Six Australian business leader reckon that the debate is over and climate change is real:
Six business leaders yesterday stepped into the greenhouse debate, and blew the whistle. Game over, they said: climate change is real, it’s going to hurt, and unless we act now, it’s going to hurt us a lot.
These guys know how to play the game. Westpac’s CEO David Morgan is a former Treasury official, married to former Labor minister Ros Kelly. They weren’t going to criticise John Howard over his handling of climate change; he doesn’t like criticism. They just urged him to shift ground, and fast.
Their message is that Australia, and the world, needs to deeply cut greenhouse emissions, not just slow their growth. We cannot get there on the soft path the Government has taken. We need to switch paths, get tough, introduce a carbon charge, set targets and meet them.
The hard path is not expensive. Modelling from the Allen Consulting Group estimates that, by acting now, we could cut greenhouse gases by 60 per cent by 2050, and still grow the economy almost as much as under business as usual.
Tim Blair seems to believe that it doesn’t mean anything
Sixty scientists have called on Canada’s Prime Minister to cool it on global warming:
“Climate change is real” is a meaningless phrase used repeatedly by activists to convince the public that a climate catastrophe is looming and humanity is the cause. Neither of these fears is justified.
Is it meaningless? Let’s see what Google thinks. Search for “Climate change is real” and click on the “I’m feeling lucky” button, and you get this joint statement from the national science academies of Brazil, Canada, France, Germany, India, Italy, Japan, Russia, the UK and the USA:
Climate change is real
There will always be uncertainty in understanding a system
as complex as the world’s climate. However there is now
strong evidence that significant global warming is
occurring. The evidence comes from direct measurements
of rising surface air temperatures and subsurface ocean
temperatures and from phenomena such as increases in
average global sea levels, retreating glaciers, and changes
to many physical and biological systems. It is likely that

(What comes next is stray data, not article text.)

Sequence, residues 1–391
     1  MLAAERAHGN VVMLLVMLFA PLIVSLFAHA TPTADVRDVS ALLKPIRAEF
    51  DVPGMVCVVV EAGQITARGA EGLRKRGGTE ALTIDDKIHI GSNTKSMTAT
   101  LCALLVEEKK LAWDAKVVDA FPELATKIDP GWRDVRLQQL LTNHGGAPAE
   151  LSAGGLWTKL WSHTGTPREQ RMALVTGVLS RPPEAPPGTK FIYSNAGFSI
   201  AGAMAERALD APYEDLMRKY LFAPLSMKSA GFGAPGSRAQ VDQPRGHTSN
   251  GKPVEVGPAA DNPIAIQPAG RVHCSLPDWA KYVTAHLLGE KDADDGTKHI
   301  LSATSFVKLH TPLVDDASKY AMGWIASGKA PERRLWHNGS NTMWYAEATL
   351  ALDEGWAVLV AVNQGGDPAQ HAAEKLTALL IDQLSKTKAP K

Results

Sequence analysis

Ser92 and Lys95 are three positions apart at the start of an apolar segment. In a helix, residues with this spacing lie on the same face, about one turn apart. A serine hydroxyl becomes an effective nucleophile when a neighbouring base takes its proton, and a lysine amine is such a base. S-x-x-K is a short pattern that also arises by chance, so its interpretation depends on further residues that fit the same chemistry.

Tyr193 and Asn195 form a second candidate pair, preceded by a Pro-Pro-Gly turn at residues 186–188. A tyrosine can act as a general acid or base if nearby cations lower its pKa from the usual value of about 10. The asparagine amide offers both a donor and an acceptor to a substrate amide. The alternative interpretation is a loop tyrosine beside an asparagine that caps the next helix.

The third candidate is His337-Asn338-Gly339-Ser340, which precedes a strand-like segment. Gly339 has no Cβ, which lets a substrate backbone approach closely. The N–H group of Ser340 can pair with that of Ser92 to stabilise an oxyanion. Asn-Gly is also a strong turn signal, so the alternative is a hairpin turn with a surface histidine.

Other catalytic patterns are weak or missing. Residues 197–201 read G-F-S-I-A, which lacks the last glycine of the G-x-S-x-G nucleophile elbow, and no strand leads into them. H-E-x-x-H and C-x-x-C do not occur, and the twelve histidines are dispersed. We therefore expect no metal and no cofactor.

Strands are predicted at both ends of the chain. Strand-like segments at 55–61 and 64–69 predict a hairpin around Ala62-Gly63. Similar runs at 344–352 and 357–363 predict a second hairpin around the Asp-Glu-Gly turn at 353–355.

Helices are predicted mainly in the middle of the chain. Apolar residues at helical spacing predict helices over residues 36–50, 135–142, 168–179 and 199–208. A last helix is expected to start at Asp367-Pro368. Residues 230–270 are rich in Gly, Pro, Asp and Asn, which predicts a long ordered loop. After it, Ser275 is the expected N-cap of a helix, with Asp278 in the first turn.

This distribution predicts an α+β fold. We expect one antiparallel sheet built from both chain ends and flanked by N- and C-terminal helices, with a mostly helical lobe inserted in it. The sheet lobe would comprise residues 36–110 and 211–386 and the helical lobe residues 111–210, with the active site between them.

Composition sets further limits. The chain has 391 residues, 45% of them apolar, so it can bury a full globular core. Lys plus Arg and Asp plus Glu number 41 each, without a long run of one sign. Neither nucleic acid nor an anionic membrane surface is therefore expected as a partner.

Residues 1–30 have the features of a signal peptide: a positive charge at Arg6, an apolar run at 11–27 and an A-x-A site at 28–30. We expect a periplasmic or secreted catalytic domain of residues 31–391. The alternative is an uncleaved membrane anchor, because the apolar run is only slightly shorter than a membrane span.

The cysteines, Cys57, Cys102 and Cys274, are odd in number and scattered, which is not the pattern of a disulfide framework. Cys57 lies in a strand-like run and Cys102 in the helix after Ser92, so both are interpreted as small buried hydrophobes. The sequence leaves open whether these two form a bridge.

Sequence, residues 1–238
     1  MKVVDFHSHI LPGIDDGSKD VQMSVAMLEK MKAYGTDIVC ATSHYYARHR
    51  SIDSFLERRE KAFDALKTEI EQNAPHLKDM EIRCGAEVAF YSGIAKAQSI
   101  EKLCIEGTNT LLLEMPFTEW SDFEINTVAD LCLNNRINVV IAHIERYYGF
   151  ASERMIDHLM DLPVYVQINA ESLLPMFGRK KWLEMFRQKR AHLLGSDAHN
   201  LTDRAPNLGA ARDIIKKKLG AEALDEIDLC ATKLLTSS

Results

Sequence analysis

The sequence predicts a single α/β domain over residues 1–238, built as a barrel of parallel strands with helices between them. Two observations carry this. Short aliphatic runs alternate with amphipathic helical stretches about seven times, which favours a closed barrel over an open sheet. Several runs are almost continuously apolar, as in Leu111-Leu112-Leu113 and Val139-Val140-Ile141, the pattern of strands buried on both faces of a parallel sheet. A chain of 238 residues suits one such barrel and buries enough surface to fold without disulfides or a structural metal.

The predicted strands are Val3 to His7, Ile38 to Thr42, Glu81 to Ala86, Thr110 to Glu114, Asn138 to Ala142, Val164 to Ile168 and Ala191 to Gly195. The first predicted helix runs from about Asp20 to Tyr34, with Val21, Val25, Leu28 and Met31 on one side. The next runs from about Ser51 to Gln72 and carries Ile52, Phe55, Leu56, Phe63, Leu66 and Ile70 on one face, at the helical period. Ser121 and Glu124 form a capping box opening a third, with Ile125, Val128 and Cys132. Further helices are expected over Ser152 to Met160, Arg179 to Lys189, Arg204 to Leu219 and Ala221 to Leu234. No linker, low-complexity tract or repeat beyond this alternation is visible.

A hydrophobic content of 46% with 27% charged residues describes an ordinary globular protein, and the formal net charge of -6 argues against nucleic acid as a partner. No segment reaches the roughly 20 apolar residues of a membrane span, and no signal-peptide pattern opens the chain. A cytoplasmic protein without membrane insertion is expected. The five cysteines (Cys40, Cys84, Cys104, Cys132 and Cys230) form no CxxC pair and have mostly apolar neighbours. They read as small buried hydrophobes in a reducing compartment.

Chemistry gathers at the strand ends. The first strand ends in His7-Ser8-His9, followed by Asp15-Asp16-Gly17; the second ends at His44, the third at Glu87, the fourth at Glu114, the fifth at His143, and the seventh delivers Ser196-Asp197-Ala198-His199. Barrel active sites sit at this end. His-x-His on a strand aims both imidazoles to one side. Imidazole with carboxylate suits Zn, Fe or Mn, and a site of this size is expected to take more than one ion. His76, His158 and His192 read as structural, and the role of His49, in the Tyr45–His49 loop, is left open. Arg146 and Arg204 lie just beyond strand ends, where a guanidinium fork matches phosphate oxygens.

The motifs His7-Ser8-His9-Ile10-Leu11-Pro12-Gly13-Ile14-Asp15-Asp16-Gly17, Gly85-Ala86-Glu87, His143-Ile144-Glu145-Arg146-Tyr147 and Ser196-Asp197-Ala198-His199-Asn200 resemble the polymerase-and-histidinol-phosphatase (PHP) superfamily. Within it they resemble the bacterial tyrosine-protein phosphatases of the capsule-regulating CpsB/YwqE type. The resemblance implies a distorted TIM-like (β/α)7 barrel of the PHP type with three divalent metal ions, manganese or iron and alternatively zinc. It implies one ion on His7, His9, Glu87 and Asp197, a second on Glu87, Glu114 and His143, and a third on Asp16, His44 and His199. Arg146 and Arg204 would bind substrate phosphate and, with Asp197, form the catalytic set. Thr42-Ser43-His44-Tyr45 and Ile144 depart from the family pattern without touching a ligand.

most of the warming in recent decades can be attributed
to human activities (IPCC 2001). This warming has already
led to changes in the Earth’s climate.
Dear “Sixty scientists”, Google can often help you find out what stuff means.
But wait, there’s more from them:
Observational evidence does not support today’s computer climate models, so there is little reason to trust model predictions of the future. … Nevertheless, significant advances have been made since the protocol was created, many of which are taking us away from a concern about increasing greenhouse gases. If, back in the mid-1990s, we knew what we know today about climate, Kyoto would almost certainly not exist, because we would have concluded it was not necessary.
Because in the mid-1990s those computer climate models predicted that it would get warmer and now we know that those predictions were correct. So we shouldn’t trust them and Kyoto is unnecessary. Are these guys even trying to be credible?
So who are the sixty scientist? Most of them aren’t climate scientists, and seventeen of them have got mentioned on this blog, typically for making serious errors of fact and interpretation:
Ross McKitrick, Christopher Essex, Benny Peiser, Richard Lindzen, David E. Wojick, Chris de Freitas, Ian Plimer, Bob Carter, William Kininmonth, Pat Michaels, Nils-Axel Mörner, Tim Ball, Roy Spencer, Zbigniew Jaworowski, Sonja Boehmer-Christiansen, S Fred Singer and Sally Baliunas.